Graduate Thesis Or Dissertation


Effects of Subsampling Trees and Imputation Methods on the Accuracy of Height-to-Crown-Base Predictions for Douglas-fir in Southwest Oregon Public Deposited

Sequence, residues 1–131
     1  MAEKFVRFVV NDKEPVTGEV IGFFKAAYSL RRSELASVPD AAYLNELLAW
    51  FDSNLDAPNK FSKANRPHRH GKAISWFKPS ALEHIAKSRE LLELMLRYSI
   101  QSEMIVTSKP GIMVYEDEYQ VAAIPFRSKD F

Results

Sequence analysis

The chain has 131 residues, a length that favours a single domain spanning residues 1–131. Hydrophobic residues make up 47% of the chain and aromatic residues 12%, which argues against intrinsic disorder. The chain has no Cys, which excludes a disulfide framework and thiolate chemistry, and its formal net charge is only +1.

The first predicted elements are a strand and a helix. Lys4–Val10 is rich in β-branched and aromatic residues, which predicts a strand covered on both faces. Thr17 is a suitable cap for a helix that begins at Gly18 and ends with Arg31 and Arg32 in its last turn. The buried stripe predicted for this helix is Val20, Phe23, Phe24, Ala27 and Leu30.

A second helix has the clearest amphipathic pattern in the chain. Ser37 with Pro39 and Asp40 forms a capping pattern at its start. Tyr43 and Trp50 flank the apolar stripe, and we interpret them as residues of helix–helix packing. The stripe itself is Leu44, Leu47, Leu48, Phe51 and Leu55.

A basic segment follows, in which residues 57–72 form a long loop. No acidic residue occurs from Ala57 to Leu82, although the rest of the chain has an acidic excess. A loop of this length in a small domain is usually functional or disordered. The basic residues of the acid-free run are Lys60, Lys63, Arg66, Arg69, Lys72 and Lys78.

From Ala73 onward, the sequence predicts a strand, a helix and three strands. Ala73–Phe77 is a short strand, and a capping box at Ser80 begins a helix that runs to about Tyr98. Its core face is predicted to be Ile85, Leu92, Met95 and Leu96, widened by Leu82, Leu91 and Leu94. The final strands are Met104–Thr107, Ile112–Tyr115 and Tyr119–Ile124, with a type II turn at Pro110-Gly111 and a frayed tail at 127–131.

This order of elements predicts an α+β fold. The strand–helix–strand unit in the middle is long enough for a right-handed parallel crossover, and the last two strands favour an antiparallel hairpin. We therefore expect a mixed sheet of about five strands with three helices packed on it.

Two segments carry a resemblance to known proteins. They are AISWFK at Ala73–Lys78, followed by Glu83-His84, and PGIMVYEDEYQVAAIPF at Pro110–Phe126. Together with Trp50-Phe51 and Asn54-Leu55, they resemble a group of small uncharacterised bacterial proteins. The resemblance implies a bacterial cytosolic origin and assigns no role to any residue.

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  • Accurate estimates of height-to-crown-base (HTCB) are essential for the reliable projections of stand structure over time required for sustainable forest management. Yet, HTCB often measured alongside total height (HT) for only for a subsample of trees in traditional stand-based inventories and must be imputed for all others. We compared the effects of subsample size, imputation method, and use of imputed rather than measured HT on the accuracy of HTCB predictions. HT and HTCB was imputed for all other sampled trees using a regional nonlinear fixed-effects model (NFEM), a NFEM with an OLS correction factor computed from the subsampled measurements, and a nonlinear mixed-effects model (NMEM) with a stand-level random intercept and best linear unbiased predictor (BLUP) to estimate the random effect for new stands. Based on mean bias (mean signed difference) and error (RMSE), our results indicated that the use of a NMEM with BLUP and subsamples of eight or more trees produced the best predictive performance for HTCB imputation. When five or more trees were subsampled, the difference in predictive error between a NFEM with an OLS correction factor and a NMEM was less than 0.5 feet. Using imputed HT estimates to predict HTCB increased predictive error for all methods and bias in particular when a NFEM and OLS correction factor were used. Overall, our study provides support for the use of NMEMs to impute HT and HTCB to improve predictive performance for Douglas-fir in southwestern Oregon.
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